Anne McLellan


June 11, 2009

Anne McLellan

former Deputy Prime Minister of Canada

“Certainly networking with women is important, and that is one of the things I talk about when I go out and talk about why we don’t have more women in politics.” - Anne McLellan

iKNOW Politics: You were elected to the Canadian House of Common for 13 years and you’ve been a Senior Cabinet Minister and Deputy Prime Minister of Canada; what challenges have you faced as a woman in these leadership positions and how did your past experience as a law professor and Dean of the law faculty prepare you to meet these challenges?

Well first of all, let me answer that last question, because while obviously you can stand for political office from any background, I do think it helps if you have a basic understanding of our constitution, our system of governance, the difference between a parliamentary democracy and a republican system of government. They are not different essentially but, to me, I guess it is basic civics. Unfortunately, we don’t teach civics anymore in our schools.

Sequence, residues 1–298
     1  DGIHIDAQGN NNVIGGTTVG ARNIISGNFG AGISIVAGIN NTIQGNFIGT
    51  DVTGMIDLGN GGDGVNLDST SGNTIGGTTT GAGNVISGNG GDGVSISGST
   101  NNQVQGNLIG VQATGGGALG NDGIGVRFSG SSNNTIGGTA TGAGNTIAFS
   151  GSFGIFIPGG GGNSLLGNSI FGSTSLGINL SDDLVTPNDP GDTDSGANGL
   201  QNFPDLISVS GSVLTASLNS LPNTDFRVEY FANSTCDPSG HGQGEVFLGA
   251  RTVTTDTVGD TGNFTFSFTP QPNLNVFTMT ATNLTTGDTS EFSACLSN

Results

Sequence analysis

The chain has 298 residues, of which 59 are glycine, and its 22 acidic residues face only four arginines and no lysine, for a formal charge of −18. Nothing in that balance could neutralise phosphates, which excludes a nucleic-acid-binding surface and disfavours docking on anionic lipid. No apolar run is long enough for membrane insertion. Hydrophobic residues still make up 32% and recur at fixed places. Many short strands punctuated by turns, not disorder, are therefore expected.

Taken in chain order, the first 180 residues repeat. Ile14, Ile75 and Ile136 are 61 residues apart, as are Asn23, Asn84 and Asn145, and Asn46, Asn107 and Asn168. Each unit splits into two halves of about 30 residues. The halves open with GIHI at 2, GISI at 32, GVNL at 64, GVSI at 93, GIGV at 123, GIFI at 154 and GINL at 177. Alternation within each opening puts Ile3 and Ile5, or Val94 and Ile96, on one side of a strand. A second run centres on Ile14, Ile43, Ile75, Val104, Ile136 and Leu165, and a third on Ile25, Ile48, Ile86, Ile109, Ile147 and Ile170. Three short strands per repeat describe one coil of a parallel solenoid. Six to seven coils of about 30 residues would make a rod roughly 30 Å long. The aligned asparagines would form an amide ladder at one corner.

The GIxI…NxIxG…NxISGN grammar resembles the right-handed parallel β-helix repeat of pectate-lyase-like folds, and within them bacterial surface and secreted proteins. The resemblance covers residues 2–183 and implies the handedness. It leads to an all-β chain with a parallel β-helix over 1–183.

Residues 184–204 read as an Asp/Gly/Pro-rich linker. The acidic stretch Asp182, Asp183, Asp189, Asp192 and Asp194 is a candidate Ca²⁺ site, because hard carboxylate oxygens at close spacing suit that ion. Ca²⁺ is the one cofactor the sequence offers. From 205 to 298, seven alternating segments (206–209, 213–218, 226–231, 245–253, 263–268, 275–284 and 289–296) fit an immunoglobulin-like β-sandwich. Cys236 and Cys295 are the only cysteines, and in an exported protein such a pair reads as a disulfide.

So, I just think if you have that legal training, you understand naturally, you feel comfortable with the framework in which laws are made, you understand a great deal more about how laws are made, the process, the importance of language in making laws. At committee, where you have the clerk of the committee and expert witnesses; often the language used is not that familiar to people of certain backgrounds, whereas if you have a legal background, not all, but a lot of that comes a lot more naturally. So I would say that you can be an outstanding member of parliament from virtually any background but having a legal background helps.